Do you have trouble watering your plants properly? If you often forget to water or water your plants too much, buy yourself a soil moisture meter. Soil moisture meters take the guesswork out of watering plants.
I’ve killed more plants than I care to admit by failing to give them the right amount of water. Can you relate?

Soil moisture meters

It seems like such a straightforward gardening task, but it can be frustratingly difficult to master.
I’ve overwatered succulents, and I’ve let my fiddle leaf fig get so dry that it started tossing its leaves to the ground in protest.

Then, one day I saw a funny-looking thing sticking out of a friend’s bed of lettuce, and I discovered the world of soil moisture meters. These handy tools help take the guesswork out of watering.

Sure, you can stick your finger in the soil, but this is more of an art than a science, an imprecise way of figuring out what your plants need. And with this method, you can only tell what’s happening in the top few inches.

A soil moisture sensor can tell you exactly how moist the soil is, and not just in the top few inches, but up to a foot down – or more!

Plus, you can keep your gloves on, and avoid getting your fingers dirty with one of these on hand.
Thanks to my hygrometer, I’m not killing plants because of bad watering practices anymore.

Soil moisture meter

What Is a Soil Moisture Meter?

Soil moisture meters are small hygrometers, or tools that let you measure average moisture levels, that you can insert into the earth to determine how moist it is.

This provides a consistent analysis of how much water is in your growing medium, letting you know when it’s time to water, or if you should hold off for now.

These tools typically give you a reading within 60 seconds, and they’re simple to use.
Most of them have a little window display that shows the moisture level on a scale, typically ranging from dry to wet.

Some have a numerical scale, a color-coded face, or both, to make reading the moisture level easy. And most don’t even require batteries to give you your reading!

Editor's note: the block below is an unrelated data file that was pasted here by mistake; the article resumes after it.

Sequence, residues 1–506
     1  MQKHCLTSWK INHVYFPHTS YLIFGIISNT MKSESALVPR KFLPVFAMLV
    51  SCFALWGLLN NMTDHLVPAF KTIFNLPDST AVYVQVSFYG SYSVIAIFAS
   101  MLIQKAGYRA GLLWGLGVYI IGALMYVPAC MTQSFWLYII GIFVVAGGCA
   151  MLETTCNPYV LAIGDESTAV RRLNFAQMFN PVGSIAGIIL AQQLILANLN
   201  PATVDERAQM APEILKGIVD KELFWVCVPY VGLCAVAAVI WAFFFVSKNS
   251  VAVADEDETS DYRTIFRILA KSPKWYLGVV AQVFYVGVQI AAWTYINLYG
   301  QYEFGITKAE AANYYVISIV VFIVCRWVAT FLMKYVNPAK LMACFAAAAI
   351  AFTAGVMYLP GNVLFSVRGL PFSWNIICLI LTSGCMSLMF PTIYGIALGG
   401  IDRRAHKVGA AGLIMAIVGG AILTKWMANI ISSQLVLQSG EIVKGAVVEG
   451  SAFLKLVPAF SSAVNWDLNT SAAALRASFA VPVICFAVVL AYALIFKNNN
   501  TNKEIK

The one that I rely on is made by Dr. Meter. You can purchase one of these at many nurseries, or via Amazon.

Some sensors only measure water, but others are available that also read pH and light levels.
Are these tools magic? Nope. They measure moisture by detecting electrical currents in the soil. The more moisture is available, the higher the currents are.

How to Use One

To put this handy tool to work, gently insert the probe end into the soil so that it is buried four-fifths of the way deep. Don’t force it. If you meet resistance, try another spot.

If you’re using one with two probes, be sure to insert it vertically.

Wait 60 seconds, then check the moisture level reading in the display window.

Compare the reading to the needs of your particular plant.

For instance, cacti and succulents like to be on the moist end of dry when they are freshly watered.

Cannas and Siberian irises prefer to be on the wet end of the spectrum. And some plants prefer to dry out quite a bit between waterings while others prefer consistently moist soil.

In other words, when you check your meter, don’t assume that a result putting your soil moisture in the mid-range is ideal.

You want drier soil for some plants and wetter for others.

If you check your cactus and it shows as a three – or on the moist end of dry – it probably doesn’t need water. But if you are checking an orchid and it shows as a three on the scale, it needs a drink stat.
After watering, let the plant sit for a minute and check the results again.

Once you’re done, remove the probe, wipe it clean, and store it.

Don’t leave it in the soil because the probe will rapidly degrade.

See these two probes? One was left in the soil for a month (okay, maybe more like three months. What? I got busy), while the other has been removed consistently after use and cleaned.

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